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$('#form1').submit(function () {
    var filal = $('input#l_email').val().length && $('input#l_pswd').val().length;
    if (!(filal)) {
        $("div#login_feed").fadeIn(400);
        return false;
    } else {
        alert('hello')
        $.post('create_login.php', {
            lemail: $('input#email').val(),
            lpswd: $('input#pswd').val()
        }, function (result) {
            if (result == 'sucess') return true;
            else return false;
        });
    }
});

I am unable to find where the bug is. If it enters into if block, it won't submit the form but I do not know what's going wrong. When it enters else block, it alerts hello and automatically submits the form without waiting for the completion of AJAX request. I know the code is creepy with too may return statements but I am new to jQuery style so kindly let me know the way to do it.

share|improve this question
    
The return true and false inside the ajax happens LONG after the submit handler has returned undefined, thus causing the form to submit normally. – Kevin B Jun 14 '13 at 20:08
    
You have a typo in your code - your var is filall, with three ls, but your condition tests filal. – Chris Heald Jun 14 '13 at 20:09
    
so how do i stop the form submitting and submit it only after AJAX request ? @KevinB – niko Jun 14 '13 at 20:13
1  
you stop it immediately then trigger the submit when you want it to submit. – Kevin B Jun 14 '13 at 20:15
up vote 2 down vote accepted

You cannot return out of an asynchronous callback, here's why:

var x = setTimeout(function(){
    return "foobar";
},1000)
alert(x); // the id of the settimeout instead of "foobar"

The same thing happens with your ajax request.

var foo = (function(){
    $.post("foo.php",function(){
        return "foobar";
    })
})();
alert(foo); // undefined because your function didn't return anything!!

In your case, you need to stop the default action completely then submit the form after the ajax request.

$('#form1').submit(function (e) {
    e.preventDefault(); // stop default action
    var theform = this;
    var filal = $('input#l_email').val().length && $('input#l_pswd').val().length;
    if (!(filal)) {
        $("div#login_feed").fadeIn(400);
        return false;
    } else {
        alert('hello')
        $.post('create_login.php', {
            lemail: $('input#email').val(),
            lpswd: $('input#pswd').val()
        }, function (result) {
            if (result == 'sucess') theform.submit(); // submit form, bypassing jQuery bound submit handler to prevent infinite loop
        });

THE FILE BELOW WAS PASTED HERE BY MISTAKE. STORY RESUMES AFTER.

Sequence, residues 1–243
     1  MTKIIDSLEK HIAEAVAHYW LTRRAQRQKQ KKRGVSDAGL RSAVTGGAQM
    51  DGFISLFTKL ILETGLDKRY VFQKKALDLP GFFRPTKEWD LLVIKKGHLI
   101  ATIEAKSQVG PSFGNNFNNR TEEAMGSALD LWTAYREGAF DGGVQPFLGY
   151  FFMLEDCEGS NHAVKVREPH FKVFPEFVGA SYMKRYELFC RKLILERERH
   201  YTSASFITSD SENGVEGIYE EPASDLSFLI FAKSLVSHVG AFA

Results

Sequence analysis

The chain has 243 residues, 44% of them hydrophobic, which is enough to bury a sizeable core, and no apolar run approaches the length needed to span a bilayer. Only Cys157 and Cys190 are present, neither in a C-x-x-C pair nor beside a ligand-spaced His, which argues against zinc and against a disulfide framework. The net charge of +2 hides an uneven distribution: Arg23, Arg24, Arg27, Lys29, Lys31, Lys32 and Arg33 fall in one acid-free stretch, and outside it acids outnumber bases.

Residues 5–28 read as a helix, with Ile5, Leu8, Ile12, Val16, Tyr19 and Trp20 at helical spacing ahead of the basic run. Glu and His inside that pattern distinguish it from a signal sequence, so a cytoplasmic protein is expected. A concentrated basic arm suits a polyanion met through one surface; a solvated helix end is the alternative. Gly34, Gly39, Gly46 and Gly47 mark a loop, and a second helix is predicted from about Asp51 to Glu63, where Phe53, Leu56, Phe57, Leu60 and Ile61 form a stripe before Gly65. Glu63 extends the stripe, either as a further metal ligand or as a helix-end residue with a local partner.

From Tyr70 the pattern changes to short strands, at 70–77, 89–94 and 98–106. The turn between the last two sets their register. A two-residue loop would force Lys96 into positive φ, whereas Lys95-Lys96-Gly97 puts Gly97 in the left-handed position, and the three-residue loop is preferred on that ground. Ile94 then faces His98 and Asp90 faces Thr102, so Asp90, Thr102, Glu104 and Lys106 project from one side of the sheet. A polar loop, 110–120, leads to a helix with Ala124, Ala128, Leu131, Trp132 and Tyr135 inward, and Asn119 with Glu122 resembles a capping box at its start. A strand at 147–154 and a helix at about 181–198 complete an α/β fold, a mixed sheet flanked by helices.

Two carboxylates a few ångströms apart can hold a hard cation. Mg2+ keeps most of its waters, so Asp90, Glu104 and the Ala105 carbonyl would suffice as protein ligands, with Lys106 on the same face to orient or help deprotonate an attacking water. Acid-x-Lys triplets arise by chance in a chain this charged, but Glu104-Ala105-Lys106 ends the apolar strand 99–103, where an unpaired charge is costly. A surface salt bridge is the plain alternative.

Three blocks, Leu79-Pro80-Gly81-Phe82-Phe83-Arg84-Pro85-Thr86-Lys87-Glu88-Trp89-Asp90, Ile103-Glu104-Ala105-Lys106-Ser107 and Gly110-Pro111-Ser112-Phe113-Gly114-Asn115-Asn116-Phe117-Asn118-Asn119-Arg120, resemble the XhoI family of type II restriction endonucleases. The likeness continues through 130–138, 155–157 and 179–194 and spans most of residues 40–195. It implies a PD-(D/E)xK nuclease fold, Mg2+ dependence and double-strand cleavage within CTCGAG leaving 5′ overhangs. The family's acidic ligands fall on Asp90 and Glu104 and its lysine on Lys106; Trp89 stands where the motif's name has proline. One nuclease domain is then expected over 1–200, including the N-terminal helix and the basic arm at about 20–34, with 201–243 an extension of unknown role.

}
});

Please fix your typos. Misspelled words will hurt later.

share|improve this answer
    
Thanks and using this $('#form').trigger('submit') instead of $('#form').submit() makes any difference? Just want to know – niko Jun 14 '13 at 20:24
1  
no, it does not, but this is not you want. The gem in the code here is the difference between theform and $("#form1") - the former being DOM element and the latter - jquery wrapper. theform.submit() will not trigger jquery event again recursively. – Igor Jun 14 '13 at 20:25
    
Yes, it makes a HUGE difference. using $("#form").trigger("submit") will trigger the jQuery-bound event, causing an infinite loop. $("#form")[0].submit() on the other hand does not trigger the jQuery-bound event, thus avoiding the infinite loop. $("#form")[0] gives you a Form Element rather than a jQuery object containing a form element, thus you are using the form element's submit method rather than the jQuery object's submit method. – Kevin B Jun 14 '13 at 20:27
    
its not submitting it enters the if block result=="sucess" but theform.submit does not seem to work . – niko Jun 14 '13 at 20:32
    
rename your submit button from "submit" to something else. – Kevin B Jun 14 '13 at 20:43

The submit action send the form by default, you need to stop that with preventDefault();

$('#form1').submit(function (event) {
  event.preventDefault();
share|improve this answer
$('#form1').submit(function (event) {
    event.preventDefault();
    var filal = $('#l_email').val().length && $('#l_pswd').val().length;
    if (!(filal)) {
        $("div#login_feed").fadeIn(400);
    } else {
        $.post('create_login.php', {
            lemail: $('#email').val(),
            lpswd: $('#pswd').val()
        }, function (result) {
            if (result == 'sucess')
                $('#form1').get().submit();

        });
    }
});
share|improve this answer
    
I left it as is, but you misspelled success. – Robert McKee Jun 14 '13 at 20:19
    
this will recursively trigger the jquery bound submit event, you need to instead trigger it on the formNode, see my answer. – Kevin B Jun 14 '13 at 20:22
    
Not sure if you really wanted to do another submit. You've already created the login, why not just window.location to somewhere afterwards? – Robert McKee Jun 14 '13 at 20:22
    
@KevinB You are correct, I've updated the answer. – Robert McKee Jun 14 '13 at 20:29

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